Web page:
Inside A Surprisingly Serene Melbourne Warehouse Apartment

Inside A Surprisingly Serene Melbourne Warehouse Apartment


by Christina Karras

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The cosy home is located inside the landmark MacRobertson confectionary factory in Fitzroy.

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Built-in joinery helped make the most of the 75-square-metre floorplan.

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The breakfast bar was a key focus of the renovation. Framed 19th century oil painting by Elias Mercantile.

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The built-in dining area was inspired by wine bar seating, in replace of a dining table.

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Croissant handles by Emily Gillis x Zachary Frankel feature across the interiors.

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‘We didn’t want it feeling too modern or stark, [which is why] we opted for richer, more earthy tones throughout,’ Emily says.

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The floors are made from Kustom Timber Storm, in contrast to the light oak timber veneer of the cabinetry.

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Tiento Clay Linen tiles feature in the bathroom and kitchen splashback. Bathroom floors are Eco Outdoor Tolfa tiles.

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Brass taps and hardware tie in with the dark industrial windows and original features of the warehouse apartment.

Melbourne’s former MacRobertson chocolate factory is home to a series of unique converted apartments, renovated over the last few decades.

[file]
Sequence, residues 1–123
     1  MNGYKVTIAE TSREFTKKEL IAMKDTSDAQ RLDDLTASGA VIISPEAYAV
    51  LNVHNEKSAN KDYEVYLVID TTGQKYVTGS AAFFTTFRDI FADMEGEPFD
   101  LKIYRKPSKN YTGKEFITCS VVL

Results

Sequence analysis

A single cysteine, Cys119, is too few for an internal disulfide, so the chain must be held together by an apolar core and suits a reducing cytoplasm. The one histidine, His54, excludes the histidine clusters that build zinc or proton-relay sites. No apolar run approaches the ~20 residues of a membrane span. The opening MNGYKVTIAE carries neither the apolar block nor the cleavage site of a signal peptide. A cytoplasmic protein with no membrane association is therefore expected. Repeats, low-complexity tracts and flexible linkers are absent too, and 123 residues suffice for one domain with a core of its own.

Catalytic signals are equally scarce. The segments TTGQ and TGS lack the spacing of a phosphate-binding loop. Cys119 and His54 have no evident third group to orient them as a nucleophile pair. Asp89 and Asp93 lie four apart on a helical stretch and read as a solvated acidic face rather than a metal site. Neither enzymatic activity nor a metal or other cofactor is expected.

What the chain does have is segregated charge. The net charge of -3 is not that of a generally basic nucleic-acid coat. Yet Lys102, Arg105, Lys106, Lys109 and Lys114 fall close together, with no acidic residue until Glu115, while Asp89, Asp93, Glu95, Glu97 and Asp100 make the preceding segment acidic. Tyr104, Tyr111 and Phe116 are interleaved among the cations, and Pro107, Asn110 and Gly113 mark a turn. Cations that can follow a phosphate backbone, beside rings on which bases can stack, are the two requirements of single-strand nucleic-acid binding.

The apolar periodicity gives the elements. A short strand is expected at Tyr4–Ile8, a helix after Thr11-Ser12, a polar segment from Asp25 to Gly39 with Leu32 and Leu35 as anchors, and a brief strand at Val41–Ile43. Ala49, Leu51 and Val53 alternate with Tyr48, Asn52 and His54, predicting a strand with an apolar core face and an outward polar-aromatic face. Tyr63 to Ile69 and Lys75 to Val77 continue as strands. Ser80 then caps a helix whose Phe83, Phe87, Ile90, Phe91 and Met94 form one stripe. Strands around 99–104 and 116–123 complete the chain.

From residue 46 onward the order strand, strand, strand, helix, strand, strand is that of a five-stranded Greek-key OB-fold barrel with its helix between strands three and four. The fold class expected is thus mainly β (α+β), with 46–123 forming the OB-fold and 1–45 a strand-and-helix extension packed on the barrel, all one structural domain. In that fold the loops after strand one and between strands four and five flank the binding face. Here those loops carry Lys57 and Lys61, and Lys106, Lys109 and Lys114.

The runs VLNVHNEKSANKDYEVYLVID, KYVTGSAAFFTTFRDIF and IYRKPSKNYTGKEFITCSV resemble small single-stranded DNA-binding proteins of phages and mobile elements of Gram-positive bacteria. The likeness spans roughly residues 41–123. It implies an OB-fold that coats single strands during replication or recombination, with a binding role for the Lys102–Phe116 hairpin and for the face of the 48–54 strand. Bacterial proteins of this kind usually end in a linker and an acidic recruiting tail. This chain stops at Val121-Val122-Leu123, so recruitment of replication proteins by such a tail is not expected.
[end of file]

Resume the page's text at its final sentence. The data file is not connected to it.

One of these is the unique ‘Fitzroy apartment‘ that’s been recently updated with the help of interior designer Emily Gillis.

Her clients — a young professional couple with a baby — engaged her with a brief to bring a ‘comfortable’ and ‘warm’ feel to their warehouse apartment, in addition to making the most of the home’s compact 75-square-metre footprint.

‘It was to be a home that catered to their home-body lifestyle, while being able to entertain small groups on the odd occasion,’ Emily says. ‘We opted for a large kitchen, cosy living area, and sizeable bathroom.’

They approached the kitchen knowing it would be ‘the heart of the home’. Rather than limiting its size to find space for a traditional dining table, a built-in breakfast bar functions as their main dining spot overlooking the kitchen. It took a few iterations to get it right, but Emily says the finished product is reminiscent of seating at wine bar or a cosy dining nook.

‘We looked at an array of warm and inviting hospitality spaces to draw inspiration for the kitchen and bar area,’ she adds.

‘Having everything integrated in the kitchen, including a breakfast bar, makes the room feel bigger [since] everything is hidden.’

The overarching goal was to ensure the apartment felt inviting as soon as you walked in. This, combined with Emily’s fascination with Belgium interior design — ‘their execution of warmth and materiality is second to none’ — helped shape the minimalistic palette of the renovation.

‘We opted for neutral, warm and earthy tones, choosing materiality that complemented the existing brickwork and the space’s footprint at large,’ she adds.

Walls painted in Dulux Grand Piano helped offset the ‘harshness of hard materials’ everywhere, like the aged brass tapware and intricate croissant-shaped handles from a playful collaboration between Emily and designer Zachary Frankel.

Clay tiles offer a textured focal point in both the bathroom and kitchen, as light timber oak cabinetry contrasts with the mid-brown oak flooring. ‘The existing factory black steel window frames were accentuated using black can lights on a track system,’ Emily explains.

‘I think we’ve captured the home’s unique identity by staying true to the fact that it’s a unique building, and not trying to morph it into something that it’s not. There are elements of the warehouse that shine through, and are juxtaposed by warmth and simplicity with features brought in during the renovation. It feels like the perfect mix.’

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